by: Ambrose Bierce (1842-1914)
- f life's elixir I had writ, when sleep
- (Pray Heaven it spared him who the writing read!)
- Sealed upon my senses with so deep
- A stupefaction that men thought me dead.
- The centuries stole by with noiseless tread,
- Like spectres in the twilight of my dream;
- I saw mankind in dim procession sweep
- Through life, oblivion at each extreme.
- Meanwhile my beard, like Barbarossa's growing,
- Loaded my lap and o'er my knees was flowing.
- The generations came with dance and song,
- And each observed me curiously there.
- Some asked: "Who was he?" Others in the throng
- Replied: "A wicked monk who slept at prayer."
- Some said I was a saint, and some a bear
- These all were women. So the young and gay,
- Visibly wrinkling as they fared along,
- Doddered at last on failing limbs away;
- Though some, their footing in my beard entangled,
- Fell into its abysses and were strangled.
- At last a generation came that walked
- More slowly forward to the common tomb,
- Then altogether stopped. The women talked
- Excitedly; the men, with eyes agloom
- Looked darkly on them with a look of doom;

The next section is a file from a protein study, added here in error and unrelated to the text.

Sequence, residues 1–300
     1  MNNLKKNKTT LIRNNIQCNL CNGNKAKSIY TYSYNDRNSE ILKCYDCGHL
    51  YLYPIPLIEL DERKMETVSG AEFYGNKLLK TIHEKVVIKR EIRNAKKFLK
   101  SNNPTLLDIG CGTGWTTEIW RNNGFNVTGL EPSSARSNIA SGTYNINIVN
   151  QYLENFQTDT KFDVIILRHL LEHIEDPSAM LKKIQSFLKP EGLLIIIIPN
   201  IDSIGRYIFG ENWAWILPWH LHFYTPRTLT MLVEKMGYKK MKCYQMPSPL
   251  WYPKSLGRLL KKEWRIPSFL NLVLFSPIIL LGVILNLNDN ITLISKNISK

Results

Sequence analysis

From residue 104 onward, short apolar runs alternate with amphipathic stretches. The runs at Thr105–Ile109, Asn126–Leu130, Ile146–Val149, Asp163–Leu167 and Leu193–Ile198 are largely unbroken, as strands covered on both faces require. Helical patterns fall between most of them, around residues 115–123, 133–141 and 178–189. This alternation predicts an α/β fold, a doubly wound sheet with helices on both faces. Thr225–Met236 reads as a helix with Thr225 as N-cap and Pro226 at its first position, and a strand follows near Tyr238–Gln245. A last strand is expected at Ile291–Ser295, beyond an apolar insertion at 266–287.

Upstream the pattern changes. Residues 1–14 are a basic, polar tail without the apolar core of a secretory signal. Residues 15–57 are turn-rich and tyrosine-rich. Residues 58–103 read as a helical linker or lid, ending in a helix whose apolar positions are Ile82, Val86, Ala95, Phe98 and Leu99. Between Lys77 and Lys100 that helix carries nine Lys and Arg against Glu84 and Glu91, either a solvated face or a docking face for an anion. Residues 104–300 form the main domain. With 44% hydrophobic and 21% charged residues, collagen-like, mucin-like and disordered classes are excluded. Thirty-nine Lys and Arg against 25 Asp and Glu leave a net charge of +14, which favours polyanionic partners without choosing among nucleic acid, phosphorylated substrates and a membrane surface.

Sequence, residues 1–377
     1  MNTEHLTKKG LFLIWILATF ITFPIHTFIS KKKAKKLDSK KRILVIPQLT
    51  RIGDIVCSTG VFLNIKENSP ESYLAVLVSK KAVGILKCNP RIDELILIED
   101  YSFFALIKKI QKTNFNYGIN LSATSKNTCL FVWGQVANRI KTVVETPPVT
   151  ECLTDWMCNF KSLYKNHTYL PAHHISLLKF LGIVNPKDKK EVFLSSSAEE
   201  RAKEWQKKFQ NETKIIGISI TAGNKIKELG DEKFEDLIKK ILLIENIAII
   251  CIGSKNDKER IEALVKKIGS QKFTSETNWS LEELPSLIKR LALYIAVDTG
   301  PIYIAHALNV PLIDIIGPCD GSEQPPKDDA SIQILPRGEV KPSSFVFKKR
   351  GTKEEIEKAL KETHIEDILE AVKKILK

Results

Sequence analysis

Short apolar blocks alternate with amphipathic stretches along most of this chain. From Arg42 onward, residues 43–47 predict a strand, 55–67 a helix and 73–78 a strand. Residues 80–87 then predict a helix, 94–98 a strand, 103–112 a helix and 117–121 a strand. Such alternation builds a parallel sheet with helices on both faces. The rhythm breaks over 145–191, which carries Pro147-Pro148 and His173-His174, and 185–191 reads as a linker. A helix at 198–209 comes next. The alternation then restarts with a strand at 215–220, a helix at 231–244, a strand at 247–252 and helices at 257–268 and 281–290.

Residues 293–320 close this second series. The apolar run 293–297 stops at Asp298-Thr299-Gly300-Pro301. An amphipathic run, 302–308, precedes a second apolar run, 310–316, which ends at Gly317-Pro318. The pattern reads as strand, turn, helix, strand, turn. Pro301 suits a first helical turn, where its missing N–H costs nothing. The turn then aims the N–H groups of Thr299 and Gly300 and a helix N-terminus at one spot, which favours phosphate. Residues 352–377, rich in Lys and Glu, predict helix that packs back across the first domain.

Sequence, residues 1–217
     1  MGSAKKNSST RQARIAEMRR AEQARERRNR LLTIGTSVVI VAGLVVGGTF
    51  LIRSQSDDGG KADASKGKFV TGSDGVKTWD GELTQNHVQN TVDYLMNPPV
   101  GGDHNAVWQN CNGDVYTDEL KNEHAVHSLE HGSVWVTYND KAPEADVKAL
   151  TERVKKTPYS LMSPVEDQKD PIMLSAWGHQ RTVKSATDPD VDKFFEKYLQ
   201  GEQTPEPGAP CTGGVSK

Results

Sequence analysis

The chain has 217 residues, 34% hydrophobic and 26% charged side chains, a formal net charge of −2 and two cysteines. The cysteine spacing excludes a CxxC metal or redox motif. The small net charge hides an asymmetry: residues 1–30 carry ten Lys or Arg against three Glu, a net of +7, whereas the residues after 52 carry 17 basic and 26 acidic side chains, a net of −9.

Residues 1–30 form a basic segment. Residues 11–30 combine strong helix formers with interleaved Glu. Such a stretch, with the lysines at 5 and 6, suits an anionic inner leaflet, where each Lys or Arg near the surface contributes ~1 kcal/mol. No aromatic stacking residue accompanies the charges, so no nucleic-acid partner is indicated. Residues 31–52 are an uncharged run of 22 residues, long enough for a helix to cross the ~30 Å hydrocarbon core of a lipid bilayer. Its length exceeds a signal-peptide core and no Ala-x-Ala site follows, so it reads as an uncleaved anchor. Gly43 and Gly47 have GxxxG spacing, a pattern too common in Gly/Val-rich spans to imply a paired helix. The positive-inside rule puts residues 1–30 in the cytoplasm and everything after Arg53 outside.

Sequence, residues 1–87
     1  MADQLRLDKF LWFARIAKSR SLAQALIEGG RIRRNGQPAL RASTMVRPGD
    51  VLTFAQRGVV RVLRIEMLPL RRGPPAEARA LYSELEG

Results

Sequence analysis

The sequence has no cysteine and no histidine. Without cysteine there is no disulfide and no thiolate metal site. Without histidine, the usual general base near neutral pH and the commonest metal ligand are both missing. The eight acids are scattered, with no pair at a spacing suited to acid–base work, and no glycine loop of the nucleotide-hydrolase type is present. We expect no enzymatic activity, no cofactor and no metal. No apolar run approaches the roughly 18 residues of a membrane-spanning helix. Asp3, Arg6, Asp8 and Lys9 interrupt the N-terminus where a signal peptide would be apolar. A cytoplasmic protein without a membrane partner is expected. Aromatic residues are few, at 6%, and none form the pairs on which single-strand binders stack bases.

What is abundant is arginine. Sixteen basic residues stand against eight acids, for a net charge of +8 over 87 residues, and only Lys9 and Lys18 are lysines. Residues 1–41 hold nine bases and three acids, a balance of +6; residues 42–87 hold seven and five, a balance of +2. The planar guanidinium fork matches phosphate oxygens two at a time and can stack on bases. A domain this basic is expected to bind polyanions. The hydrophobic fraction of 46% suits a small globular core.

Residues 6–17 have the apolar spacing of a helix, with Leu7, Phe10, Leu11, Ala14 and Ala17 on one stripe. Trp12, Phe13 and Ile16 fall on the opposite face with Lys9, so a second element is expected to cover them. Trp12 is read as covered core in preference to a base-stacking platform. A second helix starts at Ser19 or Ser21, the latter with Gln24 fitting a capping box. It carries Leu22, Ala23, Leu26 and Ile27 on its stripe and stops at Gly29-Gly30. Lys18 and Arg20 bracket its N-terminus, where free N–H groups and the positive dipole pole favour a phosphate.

- And one cried out: "We are immortal now
- How need we these?" And a dread figure stalked,
- Silent, with gleaming axe and shrouded brow,
- And all men cried: "Decapitate the women,
- Or soon there'll be no room to stand or swim in!"
- So (in my dream) each lovely head was chopped
- From its fair shoulders, and but men alone
- Were left in all the world. Birth being stopped,
- Enough of room remained in every zone,
- And Peace ascended Woman's vacant throne.
- Thus, life's elixir being found (the quacks
- Their bread-and-butter in it gladly sopped)
- 'Twas made worth having by the headsman's axe.
- Seeing which, I gave myself a hearty shaking,
- And crumbled all to powder in the waking.
POEMS BY AMBROSE BIERCE
|"Elixer Vitae" is reprinted from Shapes of Clay. Ambrose Bierce. San Francisco: W. E. Wood, 1903.